- The Washington Times - Friday, December 22, 2006

SIEM REAP, Cambodia — Ra Pheap, 19, is a garbage sweeper at Cambodia’s world-famous Angkor Wat archaeological site and is keenly grateful for the influx of tourists to the centuries-old monuments. Because of the visitors, she has her $50-a-month job.

Suos Samnang, a souvenir vendor at 17, also knows that her livelihood is linked closely to the busloads of camera-toting foreign visitors that arrive every day.

However, as they witness the frenzied construction of hotels and guesthouses to tap the flow of visitors’ dollars in this once-quiet town, even these two poor country girls realize that the blessings of tourism are mixed.

“I am worried this will cause more pollution and migration to the town. The number of people living here keeps growing. The streets are getting more crowded now,” Suos Samnang says.

Some experts are more concerned than that. They fear the unregulated development — specifically, unrestricted local pumping of underground water to meet rapidly rising demand — may be undermining Angkor’s foundations, destabilizing the earth beneath the famous centuries-old temples so much that they might sink and collapse.

Tourism is a key moneymaker for Cambodia, about one-third of whose 14 million people earn less than 56 cents a day.

Last year, about half of the 1.4 million visitors who came to Cambodia went to see the Angkor monuments, architectural masterpieces built at the height of the Khmer empire from the ninth to 15th centuries. Total tourist arrivals for Cambodia in 2005 were an impressive 34.7 percent above 2004’s figures.

The steady boom already has transformed Siem Reap into a bustling town filled with luxury hotels and vehicles. Its streets are adorned with billboards promoting the latest mobile phones, pizza and burger joints and shopping malls. Several notable old buildings have been razed to make way for visitors lodgings, and honky-tonk strips have sprung up to cater to low-budget travelers.

“The identity Siem Reap had for centuries is gradually disappearing, or maybe almost disappeared,” says Teruo Jinnai, director in Cambodia of the United Nations Educational, Scientific and Cultural Organization (UNESCO) and a 10-year resident of the country. “You have restaurants, massage parlors, hotels, and it’s very sad to see that.”

Culture shock aside, the health and quality of life of many of the 120,000 residents are imperiled by the boom, as is plain to see when traffic snarls the roads and streets get flooded by rain because of clogged sewers.

“This tremendous growth added to population increase has been exacerbating pressure on infrastructure,” says a World Bank report on Cambodia’s tourism sector that was released last year. “Energy, water, sewage and waste are all significant problems.”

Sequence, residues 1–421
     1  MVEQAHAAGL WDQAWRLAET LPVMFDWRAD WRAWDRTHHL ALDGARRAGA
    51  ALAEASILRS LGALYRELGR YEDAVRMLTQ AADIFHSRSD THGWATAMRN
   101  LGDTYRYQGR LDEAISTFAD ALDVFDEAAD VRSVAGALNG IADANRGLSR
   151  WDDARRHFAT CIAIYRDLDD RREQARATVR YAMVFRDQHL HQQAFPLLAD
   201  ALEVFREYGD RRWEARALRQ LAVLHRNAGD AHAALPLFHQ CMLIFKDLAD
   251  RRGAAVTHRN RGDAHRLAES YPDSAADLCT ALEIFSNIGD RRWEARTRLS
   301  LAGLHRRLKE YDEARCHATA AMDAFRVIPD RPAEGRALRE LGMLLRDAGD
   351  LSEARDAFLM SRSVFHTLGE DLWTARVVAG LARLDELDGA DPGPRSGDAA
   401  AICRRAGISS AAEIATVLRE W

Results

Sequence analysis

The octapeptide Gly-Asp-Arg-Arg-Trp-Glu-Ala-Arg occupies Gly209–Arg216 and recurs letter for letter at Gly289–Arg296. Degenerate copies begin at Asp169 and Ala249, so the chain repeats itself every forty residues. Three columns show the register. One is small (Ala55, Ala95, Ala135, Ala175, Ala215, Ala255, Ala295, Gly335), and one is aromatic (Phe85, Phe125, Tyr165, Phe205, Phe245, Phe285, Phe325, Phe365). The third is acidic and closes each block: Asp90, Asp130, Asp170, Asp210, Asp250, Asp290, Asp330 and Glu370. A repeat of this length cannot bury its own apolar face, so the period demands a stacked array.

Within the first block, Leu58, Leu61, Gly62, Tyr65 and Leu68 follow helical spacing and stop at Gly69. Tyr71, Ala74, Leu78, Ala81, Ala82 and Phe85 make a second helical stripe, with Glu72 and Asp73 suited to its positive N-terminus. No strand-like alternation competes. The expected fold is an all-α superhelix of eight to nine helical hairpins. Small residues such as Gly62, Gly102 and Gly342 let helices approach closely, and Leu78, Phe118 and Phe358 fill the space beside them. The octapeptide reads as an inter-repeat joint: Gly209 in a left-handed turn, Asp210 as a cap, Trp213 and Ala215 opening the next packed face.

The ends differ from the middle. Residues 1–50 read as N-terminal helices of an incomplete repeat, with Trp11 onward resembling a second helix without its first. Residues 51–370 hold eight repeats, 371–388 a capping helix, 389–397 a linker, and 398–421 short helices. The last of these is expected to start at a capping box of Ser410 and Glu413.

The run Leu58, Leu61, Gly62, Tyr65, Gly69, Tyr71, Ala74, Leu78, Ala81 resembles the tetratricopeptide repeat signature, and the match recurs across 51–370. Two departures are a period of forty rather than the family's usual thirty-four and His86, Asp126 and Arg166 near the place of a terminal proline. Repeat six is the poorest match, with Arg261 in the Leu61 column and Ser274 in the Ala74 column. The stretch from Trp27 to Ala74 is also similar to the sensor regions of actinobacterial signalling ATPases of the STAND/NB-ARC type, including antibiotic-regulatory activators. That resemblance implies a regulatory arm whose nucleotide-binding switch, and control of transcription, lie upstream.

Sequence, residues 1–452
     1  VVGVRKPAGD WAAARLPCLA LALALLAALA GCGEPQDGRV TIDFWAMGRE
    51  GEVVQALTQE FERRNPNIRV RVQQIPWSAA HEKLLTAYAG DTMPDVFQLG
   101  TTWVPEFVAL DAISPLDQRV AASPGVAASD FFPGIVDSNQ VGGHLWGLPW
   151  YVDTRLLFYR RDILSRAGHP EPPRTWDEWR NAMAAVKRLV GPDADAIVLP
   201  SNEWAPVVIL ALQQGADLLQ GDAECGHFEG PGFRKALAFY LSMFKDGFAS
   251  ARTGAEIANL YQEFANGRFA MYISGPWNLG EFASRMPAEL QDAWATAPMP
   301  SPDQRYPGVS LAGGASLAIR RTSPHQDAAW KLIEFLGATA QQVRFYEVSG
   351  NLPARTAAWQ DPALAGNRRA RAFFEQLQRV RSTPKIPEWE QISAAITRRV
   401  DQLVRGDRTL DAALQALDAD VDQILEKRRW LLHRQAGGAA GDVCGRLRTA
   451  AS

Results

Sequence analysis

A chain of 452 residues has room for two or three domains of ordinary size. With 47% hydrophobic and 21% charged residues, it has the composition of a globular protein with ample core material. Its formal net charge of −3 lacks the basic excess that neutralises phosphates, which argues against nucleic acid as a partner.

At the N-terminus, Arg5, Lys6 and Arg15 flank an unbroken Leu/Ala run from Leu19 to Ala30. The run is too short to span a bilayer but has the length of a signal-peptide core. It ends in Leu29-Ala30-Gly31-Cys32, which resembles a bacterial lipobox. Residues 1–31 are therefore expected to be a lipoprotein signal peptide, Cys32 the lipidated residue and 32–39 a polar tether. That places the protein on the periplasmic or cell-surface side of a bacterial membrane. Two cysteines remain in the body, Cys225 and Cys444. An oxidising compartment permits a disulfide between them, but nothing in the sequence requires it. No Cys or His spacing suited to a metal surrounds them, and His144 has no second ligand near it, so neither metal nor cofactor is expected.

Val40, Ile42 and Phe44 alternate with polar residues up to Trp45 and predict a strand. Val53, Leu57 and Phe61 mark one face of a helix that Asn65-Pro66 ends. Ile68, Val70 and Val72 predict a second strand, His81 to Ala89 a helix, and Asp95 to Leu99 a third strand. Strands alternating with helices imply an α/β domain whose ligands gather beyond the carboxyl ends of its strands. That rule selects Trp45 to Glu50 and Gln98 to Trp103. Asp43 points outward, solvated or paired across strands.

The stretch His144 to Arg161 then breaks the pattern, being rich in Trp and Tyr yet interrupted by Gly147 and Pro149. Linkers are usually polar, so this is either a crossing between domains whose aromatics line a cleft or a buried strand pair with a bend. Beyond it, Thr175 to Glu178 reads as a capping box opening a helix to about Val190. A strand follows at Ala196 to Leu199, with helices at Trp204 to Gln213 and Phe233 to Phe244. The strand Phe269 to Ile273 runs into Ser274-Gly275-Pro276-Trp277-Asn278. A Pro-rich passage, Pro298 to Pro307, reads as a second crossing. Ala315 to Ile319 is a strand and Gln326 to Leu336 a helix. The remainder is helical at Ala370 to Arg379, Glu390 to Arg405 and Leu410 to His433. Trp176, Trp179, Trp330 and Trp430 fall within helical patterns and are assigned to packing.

It notes that hotels are not legally required to have sewage treatment facilities, although larger ones have their own plants.

“But most guesthouses reportedly dump used water directly into the river, causing noticeable river pollution,” it says, adding that E. coli, the bacteria found in human feces, reportedly has begun seeping into local wells.

At least as threatening is the uptake of water, with unrestricted pumping from the water table underlying the area. “Water is being drawn from [230 to 260 feet] underground by hotels and treated for use,” the World Bank warned, noting that no one was certain how this affects the aquifers, or underground layers of rocks and sand, from which it is pumped.

Already, “one of Angkor’s temples is reportedly falling into a sinkhole, suggesting that the underground aquifers may be rapidly disappearing,” the report says.

Japanese Ambassador Fumiaki Takahashi, whose country has drawn up a development master plan for Siem Reap to deal with the tourism boom, says most of its hotels are pumping underground water for their own use, “and there is no control.”

It is the Cambodian government’s “urgent task” to control the practice, he says, because “if you take too much water, it might affect the Angkor site. In the long run, the underground water will go down, and the site would sink.”

The plan of the Japan International Cooperation Agency calls for tapping underground water from near Phnom Krom, a hill near the edge of the Tonle Sap lake about 7.4 miles south of the town, to avoid depletion of Siem Reap’s underground water and reduce the risk of endangering the fragile temples, he says.

Deputy Tourism Minister Thong Khon says the government is ready to accept the master plan to address existing problems and accommodate future growth.

He sees a bright future for Siem Reap, in which the province won’t just be a destination for touring the temples but also will become a hub providing air links for tourists to enjoy the sandy beaches of southwestern Cambodia and eco-tourism in the jungles of the northeast.

He envisions that promoting a diversity of destinations will result in distributing the crowds around the country, protecting the Angkor temples from getting “too jammed up.”

Meanwhile, though, the tourist hordes continue to tramp through fabled Angkor Wat and its satellite temples of Angkor Thom, Bayon, Ta Prohm and Phnom Bakheng. Even at the lesser-known 10th-century Phnom Bakheng temple, an average of 3,000 tourists climb the 223 feet just in the two hours before dusk each day to view the spectacular sunset.

Ra Pheap, the sweeper, says she knows the onslaught could damage the delicate monuments. She is employed by a Cambodian company that sells entry tickets to the temple site, and the visitors essentially are paying her salary. With her earnings, she has reduced her family’s reliance on rice farming and has been able to help pay for Japanese-language classes for her younger brother and sister.

• • •

JICA Siem Reap Planning Study: Go to www.jica.go.jp/ english/about/policy/envi/ profile/cam02.html.



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